“The best argument against democracy is a five-minute conversation with the average voter.”
One of the many fine things that Winston Churchill never said.
Much though I admire Churchill’s perspicacity, I’m not sure I would have agreed with his rather patrician solutions, for all his advocacy of democracy elsewhere as the ‘least worst’ system. But perhaps ‘events’ are forcing us to confront the difficult possibility that democracy too has its limitations – or at least that it is a great deal more flawed than we in the West have chosen to believe over the past century.
Democracy is normally extolled as a pure virtue, as though the right to collective self-determination is in itself synonymous with good decision-making. Yet there are a number of issues at present of questionable wisdom, that might nonetheless have some legitimate, if simplistic claim to be democratically-based. The obvious one is Brexit, though we might also consider the current presidency of the U.S.A., and also the regimes in Turkey, Hungary, Poland, Italy and Russia as part of the same.
But is it possible to advocate democratic decisions where the outcomes are patently malign? I am not primarily thinking of Brexit here, although it still qualifies. If a consenting nation (as with an individual) genuinely wishes to inflict harm on itself, then as long as there is no damage to anyone else, it can presumably be left to it. But as soon as the decision to do so impacts on dissenting others, then it becomes possible to question the moral legitmacy of the decision.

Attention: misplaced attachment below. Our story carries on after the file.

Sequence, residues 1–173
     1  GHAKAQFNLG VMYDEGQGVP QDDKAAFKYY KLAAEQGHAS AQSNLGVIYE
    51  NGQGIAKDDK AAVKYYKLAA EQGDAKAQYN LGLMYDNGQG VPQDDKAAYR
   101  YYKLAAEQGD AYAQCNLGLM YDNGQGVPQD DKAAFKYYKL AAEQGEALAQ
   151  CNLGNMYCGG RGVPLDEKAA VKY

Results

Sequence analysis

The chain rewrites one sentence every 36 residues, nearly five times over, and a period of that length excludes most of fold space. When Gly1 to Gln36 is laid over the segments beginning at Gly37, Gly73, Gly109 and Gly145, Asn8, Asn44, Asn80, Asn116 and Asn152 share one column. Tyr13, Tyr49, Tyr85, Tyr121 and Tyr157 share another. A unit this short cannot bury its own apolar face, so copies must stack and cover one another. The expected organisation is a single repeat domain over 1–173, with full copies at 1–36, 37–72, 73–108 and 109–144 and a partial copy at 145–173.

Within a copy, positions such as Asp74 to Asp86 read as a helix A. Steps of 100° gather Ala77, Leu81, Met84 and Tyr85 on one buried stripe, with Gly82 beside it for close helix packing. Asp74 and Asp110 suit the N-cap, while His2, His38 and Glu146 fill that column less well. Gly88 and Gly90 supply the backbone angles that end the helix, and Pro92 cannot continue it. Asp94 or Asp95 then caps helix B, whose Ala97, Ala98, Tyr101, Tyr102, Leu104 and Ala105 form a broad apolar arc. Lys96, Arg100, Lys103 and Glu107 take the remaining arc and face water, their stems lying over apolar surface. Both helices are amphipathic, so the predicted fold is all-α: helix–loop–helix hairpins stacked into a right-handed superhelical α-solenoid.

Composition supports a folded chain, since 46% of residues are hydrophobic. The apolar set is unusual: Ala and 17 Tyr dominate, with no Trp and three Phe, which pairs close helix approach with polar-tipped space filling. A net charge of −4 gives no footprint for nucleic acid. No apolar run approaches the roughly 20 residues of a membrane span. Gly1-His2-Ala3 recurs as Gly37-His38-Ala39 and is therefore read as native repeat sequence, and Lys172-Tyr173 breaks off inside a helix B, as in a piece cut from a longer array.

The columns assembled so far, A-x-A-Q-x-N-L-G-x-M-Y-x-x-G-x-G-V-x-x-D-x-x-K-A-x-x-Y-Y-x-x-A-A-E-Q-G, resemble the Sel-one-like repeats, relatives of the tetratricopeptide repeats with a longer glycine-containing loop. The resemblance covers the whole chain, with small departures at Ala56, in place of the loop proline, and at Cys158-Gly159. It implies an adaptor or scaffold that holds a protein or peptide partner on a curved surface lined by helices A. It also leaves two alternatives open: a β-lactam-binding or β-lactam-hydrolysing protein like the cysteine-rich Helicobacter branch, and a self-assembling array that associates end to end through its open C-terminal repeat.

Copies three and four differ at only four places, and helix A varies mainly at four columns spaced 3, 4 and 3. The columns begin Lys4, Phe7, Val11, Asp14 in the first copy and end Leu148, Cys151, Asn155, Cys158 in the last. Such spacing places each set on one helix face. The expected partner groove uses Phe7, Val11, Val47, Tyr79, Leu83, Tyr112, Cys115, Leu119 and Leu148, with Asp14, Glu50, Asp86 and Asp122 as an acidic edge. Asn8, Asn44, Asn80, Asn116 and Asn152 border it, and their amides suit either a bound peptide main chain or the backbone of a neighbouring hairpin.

In reality, there is probably never a situation where such a decision brings no harm to anyone other than its proponents; Brexit is just such an example, because even if it were certain that the move would do no damage to other countries or to the wider integrity of the EU, there are still the 48% (plus?) in Britain who do not support it. And as the present situation shows, when a zero-sum situation of this sort is in prospect, support for the basic rules which democracy needs in order to function (such as respecting the result of a fair defeat) rapidly falls away. And all the more so when there are clear grounds to doubt that the defeat was indeed fair.
Another misconception is that democracy is a single entity when it is not. Almost more important than the basic principle are the means by which it is enacted. While the concept of a majority is simple enough, this is not helpful when there is more than a binary choice at stake. It does not address the problem that has long bedevilled First-Past-The-Post systems, namely that the winner is often the largest minority, rather than a true majority. The side-effects of this have been well-rehearsed, including the fact that binary voting systems effectively totally disenfranchise even large minorities (and sometimes even majorities) – exactly the situation with Brexit. Resentment and dissent are the likely outcome. Conversely, proportional systems often deliver indeterminate results – and while one might argue that this is a more accurate reflection of a difficult reality, it risks simply transferring the real decision-making to unseen horse-trading elsewhere before a result can be declared.